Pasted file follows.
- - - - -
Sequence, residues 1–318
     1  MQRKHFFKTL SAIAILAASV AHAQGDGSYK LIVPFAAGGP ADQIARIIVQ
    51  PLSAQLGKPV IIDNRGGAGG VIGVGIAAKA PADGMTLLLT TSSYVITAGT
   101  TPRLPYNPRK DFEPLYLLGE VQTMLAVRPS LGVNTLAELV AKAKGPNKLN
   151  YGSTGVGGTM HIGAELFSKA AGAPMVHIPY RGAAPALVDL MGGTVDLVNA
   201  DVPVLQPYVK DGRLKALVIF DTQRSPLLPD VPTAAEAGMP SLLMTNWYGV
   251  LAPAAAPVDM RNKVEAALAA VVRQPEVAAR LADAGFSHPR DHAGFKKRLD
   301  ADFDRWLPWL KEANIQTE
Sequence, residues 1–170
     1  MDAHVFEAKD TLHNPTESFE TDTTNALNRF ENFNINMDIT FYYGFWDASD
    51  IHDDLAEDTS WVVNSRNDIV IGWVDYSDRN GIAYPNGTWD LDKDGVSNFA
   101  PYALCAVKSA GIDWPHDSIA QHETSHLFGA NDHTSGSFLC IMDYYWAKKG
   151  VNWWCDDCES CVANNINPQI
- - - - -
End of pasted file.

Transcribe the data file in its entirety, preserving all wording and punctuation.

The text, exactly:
Sequence, residues 1–318
     1  MQRKHFFKTL SAIAILAASV AHAQGDGSYK LIVPFAAGGP ADQIARIIVQ
    51  PLSAQLGKPV IIDNRGGAGG VIGVGIAAKA PADGMTLLLT TSSYVITAGT
   101  TPRLPYNPRK DFEPLYLLGE VQTMLAVRPS LGVNTLAELV AKAKGPNKLN
   151  YGSTGVGGTM HIGAELFSKA AGAPMVHIPY RGAAPALVDL MGGTVDLVNA
   201  DVPVLQPYVK DGRLKALVIF DTQRSPLLPD VPTAAEAGMP SLLMTNWYGV
   251  LAPAAAPVDM RNKVEAALAA VVRQPEVAAR LADAGFSHPR DHAGFKKRLD
   301  ADFDRWLPWL KEANIQTE
Sequence, residues 1–170
     1  MDAHVFEAKD TLHNPTESFE TDTTNALNRF ENFNINMDIT FYYGFWDASD
    51  IHDDLAEDTS WVVNSRNDIV IGWVDYSDRN GIAYPNGTWD LDKDGVSNFA
   101  PYALCAVKSA GIDWPHDSIA QHETSHLFGA NDHTSGSFLC IMDYYWAKKG
   151  VNWWCDDCES CVANNINPQI